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Analysis for Global

Spirit Airlines, Allegiant Air, face cost pressure in 2016; reduced fuel costs drove stellar 2015


A guiding principle for ultra-low cost carriers (ULCCs) is delivering a unit cost performance excluding fuel of USD6 cents or lower. Both of the publicly traded US ULCCs easily met that criterion in 2015, and based on calculations from the CAPA CASK database, Allegiant Air and Spirit Airlines posted sub-USD6 cents unit costs including fuel for 2015.

Maintaining cost discipline is paramount in any operating environment, but especially in the US domestic market where most airlines, including ULCCs, are having a tough time gaining pricing traction. Spirit and Allegiant both have some cost challenges looming in 2016 but are obviously attempting to keep their costs below the USD6 cent benchmark. Spirit expects to post a flat unit cost performance excluding fuel for 2016, even with the ratification of new flight attendant contract, but faces some maintenance headwinds throughout the year. Spirit is working to accomplish improved operations and generate more positive customer sentiment on a cost-neutral basis.

Allegiant is also facing cost pressure from the first batch of heavy maintenance on its Airbus narrowbody fleet, and from labour productivity challenges. However, over the long term Allegiant’s decision to accelerate the retirement of its MD-80s and move to a single fleet of Airbus narrowbodies should create some cost tailwinds in the medium term.

Chile's domestic airline market stable as Sky Airline tests the LCC model - and Paravai plans entry


Chile recorded a solid 9.7% increase in passenger growth for the first seven months of 2016, with domestic passengers growing 9% and international passenger growth reaching nearly 11%. Although Chile has not been immune to the economic degradation in Latin America, its economy is more stable than in other countries in the region.

Some changes have taken place in Chile’s domestic market during the last year – most notably the transition of the country’s second largest domestic airline Sky into a low cost carrier. As it has undertaken a change in its business model Sky’s international passenger numbers fell for the Jan-2016 to Jul-2016 time period, but the airline is adding some international markets in 2016 and 2017, upping competition with its familiar rival, LATAM Airlines Group.

Another airline aims to start operations in Chile during early 2017 with aspirations to compete with LATAM and Sky on domestic routes. Paravai Líneas Aéreas may not pose a huge threat, but its ambitions reflect a belief that perhaps Chile’s duopoly needs to be shaken up.

CAPA LCCs in North Asia Summit: Osaka, 13/14-Jun-2017 to be hosted by Kansai Airports


OSAKA, 22 September 2016 – CAPA - Centre for Aviation is pleased to announce that Osaka will be the host city for the annual CAPA LCCs in North Asia Summit on 13-14 June 2017.

The Summit, to be hosted by Kansai Airports, is one of the largest LCC gatherings in the region, attracting LCC CEOs from across Asia.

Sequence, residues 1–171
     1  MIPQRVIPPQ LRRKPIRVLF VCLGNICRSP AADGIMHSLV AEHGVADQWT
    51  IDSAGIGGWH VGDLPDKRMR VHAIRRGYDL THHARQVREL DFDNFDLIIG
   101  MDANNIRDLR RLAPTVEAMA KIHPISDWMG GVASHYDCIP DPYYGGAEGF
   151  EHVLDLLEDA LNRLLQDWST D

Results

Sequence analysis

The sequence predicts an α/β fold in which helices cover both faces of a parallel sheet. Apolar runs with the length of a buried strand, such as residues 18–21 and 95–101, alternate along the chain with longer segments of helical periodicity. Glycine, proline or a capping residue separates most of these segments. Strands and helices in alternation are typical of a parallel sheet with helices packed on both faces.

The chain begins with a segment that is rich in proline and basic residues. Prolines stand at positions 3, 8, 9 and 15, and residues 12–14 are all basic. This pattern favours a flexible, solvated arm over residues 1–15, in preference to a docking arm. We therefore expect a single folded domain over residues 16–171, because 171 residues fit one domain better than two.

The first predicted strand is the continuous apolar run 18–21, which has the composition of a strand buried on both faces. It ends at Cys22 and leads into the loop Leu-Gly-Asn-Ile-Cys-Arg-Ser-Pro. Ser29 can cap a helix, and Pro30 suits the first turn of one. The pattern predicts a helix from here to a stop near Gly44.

“Kansai International Airport as the gateway to Kansai region welcomes the CAPA LCCs in North Asia Summit in Osaka. We are extremely proud that this Summit will be hosted by Kansai Airports with the opportunity to introduce the attractiveness of the Kansai Region. For several years the LCC market has been on strong growth at KIX, where we have the number one LCC network among Japanese airports. We are really delighted to host this event in 2017 since our LCC Terminal extension will be completed by the first quarter next year”, said Yoshiyuki Yamaya, Representative Director and CEO, Kansai Airports, and Emmanuel Menanteau, Representative Director and Co-CEO, Kansai Airports.

Interjet’s international passengers soar with new US transborder push against Mexican and US rivals


International passenger numbers for the Mexican low cost airline Interjet skyrocketed more than 50% in the first seven months of 2016, reflecting the launch of more than 10 new international routes during that period, and with US transborder routes representing the bulk of Interjet’s international expansion.

Interjet is no doubt positioning itself to seize on opportunities created by a new, finalised bilateral between the US and Mexico that lifts restrictions on the number of airlines operating on specific routes between the two countries. Interjet’s rival Volaris has also grown its US transborder passengers in 2016, but it has a different route profile from that of Interjet. Generally, Interjet is subject to higher levels of competition on some of its transborder routes than Volaris, given that Interjet and Volaris offer different products to their passengers.

During the past two to three years Interjet and Volaris have been essentially tied for the coveted position of Mexico’s second largest domestic airline. But for the seven months ending Jul-2017 Volaris logged 22% domestic passenger growth, while Interjet’s passenger numbers inched down slightly, resulting in Volaris assuming full command of the second place ranking.